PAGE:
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Understanding UK accents: Liverpool and Scouse

The English accent varies greatly depending on where you are visiting in the UK.  Some linguists might even tell you the accent changes every twenty miles! We’ll leave you to learn if that is true or not for yourself. If you happen to be visiting the north of England any time soon and want recommendations, you can’t go wrong with a city as beautiful as Liverpool. Here is a quick peek at this famous, historical city, as well as the accent of the locals – Scouse.




Liverpool is a port city in the UK, home to almost 492,000 people. The Liverpool metropolitan area is the fifth largest in the UK with around 2.24 million. It has good connections with the rest of the country through both the rail and motorway network, and an international airport. Liverpool is also a popular destination for those taking the ferry over from Ireland. The city of Liverpool is more than 800 years old, so it comes with a lot of history – though not all of it good. Liverpool was the port of registry for the RMS Titanic, and its city merchants were involved in the Atlantic slave trade.



The Liverpool accent and the people of Liverpool – Liverpudlians – are often looked down on by the rest of the country, for no good reason at all. Liverpudlian – or more commonly, Scouse – is usually seen as, well, common, or brash. Scouse is the favorite accent for people to try to imitate, and when they can’t do that, mock. Which is grossly unfair; we might be biased, but we think all accents are beautiful!


Photo via Wikimedia


Famous Liverpudlians

As if you didn’t already know! The most famous, and arguably perhaps the first boy band, The Beatles, are from Liverpool, and their presence is everywhere! From The Cavern club to the museum The Beatles Story, Liverpool is rightly proud of its four most famous sons. There are other musicians from the city that you may have heard of; everyone from Gerry and the Pacemakers to Frankie Goes To Hollywood. And if football is more your thing than music, well, there are plenty of them from Liverpool too; the likes of Steven Gerrard and Wayne Rooney, for example.


Some accent samples

Want to hear the Scouse accent before you try to replicate it yourself? Well, that is wise! Here is English Like A Native giving you a taster of how it sounds. Though if you really want to hear true Liverpudlians speak Scouse then try Youtuber KoreanBilly, who gets Liverpool Locals Teaching Scouse.


Photo via Flickr


A cultural influence…

Liverpool has something for everyone, and its influence has crept into many parts of society nationwide. The Liverpool music scene has had a major influence on music throughout the country and across the world. Bands like The Beatles were at the forefront of the Beat Music movement back in the 1960s. And away from the music scene, Liverpool is also home to Aintree, the world’s most famous steeple-chase, the Grand National. Days out at Aintree are big enough events to rival Ascot, which tells you something about this famous horserace and track!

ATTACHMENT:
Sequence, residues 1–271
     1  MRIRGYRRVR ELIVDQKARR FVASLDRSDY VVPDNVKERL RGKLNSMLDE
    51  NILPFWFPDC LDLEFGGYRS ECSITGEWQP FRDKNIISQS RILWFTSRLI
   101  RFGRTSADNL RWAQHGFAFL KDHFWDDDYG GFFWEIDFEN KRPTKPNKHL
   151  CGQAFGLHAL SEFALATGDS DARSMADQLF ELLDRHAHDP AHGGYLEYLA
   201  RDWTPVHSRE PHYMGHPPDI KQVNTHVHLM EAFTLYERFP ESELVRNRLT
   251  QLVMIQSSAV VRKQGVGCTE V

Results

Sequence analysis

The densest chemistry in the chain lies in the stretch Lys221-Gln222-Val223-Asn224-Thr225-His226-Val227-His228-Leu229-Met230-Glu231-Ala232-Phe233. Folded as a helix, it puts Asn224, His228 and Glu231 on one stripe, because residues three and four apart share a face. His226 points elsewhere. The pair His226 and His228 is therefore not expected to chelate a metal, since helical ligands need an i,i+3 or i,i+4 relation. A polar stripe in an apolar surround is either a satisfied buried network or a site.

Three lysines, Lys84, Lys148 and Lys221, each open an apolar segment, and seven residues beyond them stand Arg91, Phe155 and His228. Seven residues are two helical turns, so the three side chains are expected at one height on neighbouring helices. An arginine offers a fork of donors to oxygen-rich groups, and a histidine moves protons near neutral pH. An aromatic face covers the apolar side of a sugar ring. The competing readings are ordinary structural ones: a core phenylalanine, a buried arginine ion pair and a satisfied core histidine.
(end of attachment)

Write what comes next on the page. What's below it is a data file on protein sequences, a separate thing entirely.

Notable differences

So, what makes Scouse stand out from the rest of the UK’s accents? Scouse is spoken at a higher pitch than most UK accents, and along with its rising intonations can sound very sing song to those who aren’t used to it. The unique sound of Scouse is thanks to the accent predominantly being spoken at the front of the mouth; it is as though the words are pressed up against your lips and teeth. The most noticeable difference is the letter T; if it starts a word it becomes more like TS in sound; tree sounds more like tsree, and town more like tsown. In the middle of words it is mostly replaced by the S sound; butter might come out more like busser.


A little lingo

Finally, a little Scouse for you to practice with so you don’t stick out like a sore thumb! Anyone who is from one of the provincial towns outside of Liverpool is referred to as a wool, or woolyback. If you are disappointed you are devoed; perhaps if you’ve bought some fake (jarg) goods that really do look like a knock-off! Men are often referred to as lads or fellas which is all fairly polite, yet for women they are often birds; make up your own mind if you want to use that one! If someone tells you to swerve, they’re telling you to avoid something (like referring to someone as a bird, for example…). And lastly, pepper in as many likes as you, um, like. Because in Scouse they are used liberally and freely without any rhyme or reason!

The Liverpool accent is one of the sunniest, happiest, friendliest accents in the UK in our opinion; though what do you think? If you’re studying British English, does the Scouse accent stand out to you compared with other accents? If all of the British accents are confusing, we hear you, and are here to help; why not consider getting in touch?  Our native-speaking tutors can design a course specific to your needs. Drop us a quick inquiry today!